We just attended the US Outdoor Retailer summer trade show & the OutDoor ISPO European trade show and saw over 100 new piece of climbing gear. The post covering it all is coming soon. Until then, we wanted to share the most innovative products making their way through the stages of pre-production and getting ready to debut in 2020. In alphabetical order…
Black Diamond Z4 & Z4 offset cams
Going away are the rigid C3’s and the floppy X4’s and they’ll be replaced with Black Diamond’s Z4’s, with RigidFlex technology. RigidFlex is Black Diamond’s trademarked shorthand way of saying that their cams will be both rigid and flexible. They’ll be flexible until the trigger is pulled, in which case they’ll turn rigid for easier placements. After you let go of the trigger they become flexible again and the flexible stem will help prevent placed gear from walking. We didn’t have time for extensive testing in the booth, but Black Diamond says the larger cams will flex the same in all directions while the smaller cams are a touch stiffer to prevent buckling when you pull the trigger.
All the cams will have sandblasted lobes for improved grip compared to anodized lobes. The head with is basically identical to the Camalot C3’s. They’ll go from size #0 to .75. The price will be the same as the previous cams at $69.95.
Edelrid Swift Protect Pro Dry, an 8.9mm rope
Edelrid has beefed up their popular skinny single Swift 8.9mm rope by integrating aramid fibers (think Kevlar®) with the sheath fibers. Edelrid’s internal testing found that the added aramid doubled the cut resistance of the rope. Note: 70% of rope accidents are from cut ropes.
This will be the first dynamic single rope that has aramid in the sheath. It took years to figure out how to integrate aramid as it does not stretch and it’s being combined with dynamic rope fibers that needs to stretch. Edelrid says they’ve kept all the same rope characteristics that the Swift is known to have.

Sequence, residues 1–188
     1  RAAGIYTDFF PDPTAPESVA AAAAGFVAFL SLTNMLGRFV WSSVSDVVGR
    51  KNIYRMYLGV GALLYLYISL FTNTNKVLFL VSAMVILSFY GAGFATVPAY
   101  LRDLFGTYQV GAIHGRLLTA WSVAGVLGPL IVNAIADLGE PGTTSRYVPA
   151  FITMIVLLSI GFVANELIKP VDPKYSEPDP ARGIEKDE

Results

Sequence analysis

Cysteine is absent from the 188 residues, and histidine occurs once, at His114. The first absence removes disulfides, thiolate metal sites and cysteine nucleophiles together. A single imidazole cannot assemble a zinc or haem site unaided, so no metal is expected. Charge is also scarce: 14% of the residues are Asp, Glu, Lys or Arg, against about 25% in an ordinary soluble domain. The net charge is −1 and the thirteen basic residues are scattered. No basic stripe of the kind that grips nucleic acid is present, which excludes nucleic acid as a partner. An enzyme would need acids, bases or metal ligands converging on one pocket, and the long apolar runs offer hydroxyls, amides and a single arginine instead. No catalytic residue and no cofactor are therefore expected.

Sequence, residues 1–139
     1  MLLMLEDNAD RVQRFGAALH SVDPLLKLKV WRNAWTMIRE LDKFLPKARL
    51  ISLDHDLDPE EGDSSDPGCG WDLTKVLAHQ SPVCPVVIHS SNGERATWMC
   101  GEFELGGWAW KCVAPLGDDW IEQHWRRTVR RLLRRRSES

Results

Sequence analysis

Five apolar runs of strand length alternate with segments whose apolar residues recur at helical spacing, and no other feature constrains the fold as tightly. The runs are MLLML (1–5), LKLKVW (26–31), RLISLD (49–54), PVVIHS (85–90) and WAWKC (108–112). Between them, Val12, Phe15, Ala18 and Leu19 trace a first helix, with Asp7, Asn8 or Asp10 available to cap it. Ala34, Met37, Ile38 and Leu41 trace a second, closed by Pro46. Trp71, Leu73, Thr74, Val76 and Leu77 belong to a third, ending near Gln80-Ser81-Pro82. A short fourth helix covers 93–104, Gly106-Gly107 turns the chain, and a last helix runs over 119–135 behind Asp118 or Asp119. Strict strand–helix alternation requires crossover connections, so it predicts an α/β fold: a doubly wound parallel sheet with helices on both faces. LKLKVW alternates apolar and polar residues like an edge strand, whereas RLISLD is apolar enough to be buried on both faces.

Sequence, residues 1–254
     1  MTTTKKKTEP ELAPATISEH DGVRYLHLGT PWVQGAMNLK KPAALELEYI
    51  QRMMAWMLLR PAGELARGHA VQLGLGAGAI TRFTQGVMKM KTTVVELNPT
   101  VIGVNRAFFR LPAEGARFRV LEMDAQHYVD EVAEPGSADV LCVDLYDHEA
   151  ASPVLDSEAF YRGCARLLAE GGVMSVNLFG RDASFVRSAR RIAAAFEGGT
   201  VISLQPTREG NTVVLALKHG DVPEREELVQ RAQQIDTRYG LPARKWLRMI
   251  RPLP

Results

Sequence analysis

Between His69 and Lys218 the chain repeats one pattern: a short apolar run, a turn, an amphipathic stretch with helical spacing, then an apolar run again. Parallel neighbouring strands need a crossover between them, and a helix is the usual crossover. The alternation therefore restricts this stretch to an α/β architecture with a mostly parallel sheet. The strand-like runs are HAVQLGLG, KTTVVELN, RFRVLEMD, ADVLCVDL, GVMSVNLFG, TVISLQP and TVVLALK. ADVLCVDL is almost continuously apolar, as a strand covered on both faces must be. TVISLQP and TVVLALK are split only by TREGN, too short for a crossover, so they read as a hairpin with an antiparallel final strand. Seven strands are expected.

Edelrid hopes that in the future a cut resistance number will become standard information available from all rope manufacturers and even be part of the certification process.
Edelrid SM Clip 3R Large, an ice clipper carabiner
Edelrid’s new ice clipper will be completely made out of recycled pellets that come directly from their recycled rope yarns. Normally, Edelrid doesn’t have much yarn leftovers because they use remaining yarn to create smatch batch Boa Eco ropes (called the Parrot in Europe). What rope fibers they have left are sent to the recycling factory and are made into small plastic pellets. These pellets are then melted down and molded into their new ice clipper. Also, all of this is done in Europe.
Grivel Multimatic crampon harness
Grivel came out with a modular crampon harness system called the Multimatic that will work on boots with or without a toe-welt. The idea is wonderfully simple: there is a toe bail that will either go into the toe welt or rotate under the boot. There is a steel cable harness system at the front of the shoe that acts similar to a clamp that will push down on the boot when the strap is tightened. This will better secure more modern boots that have rocker. It is also 50 grams lighter than the previous strapping system.
The back heel bail is also lighter, as they took out the micro adjust. Instead, there will be 6 adjustments total: there is a forward and a back setting along with 3 quick access settings. This crampon harness can be used on previous Grivel crampon models (bought separately as an upgrade) and it will also come as an option for all Grivel’s crampons starting in 2020.
La Sportiva Cobra 4:99, a climbing shoe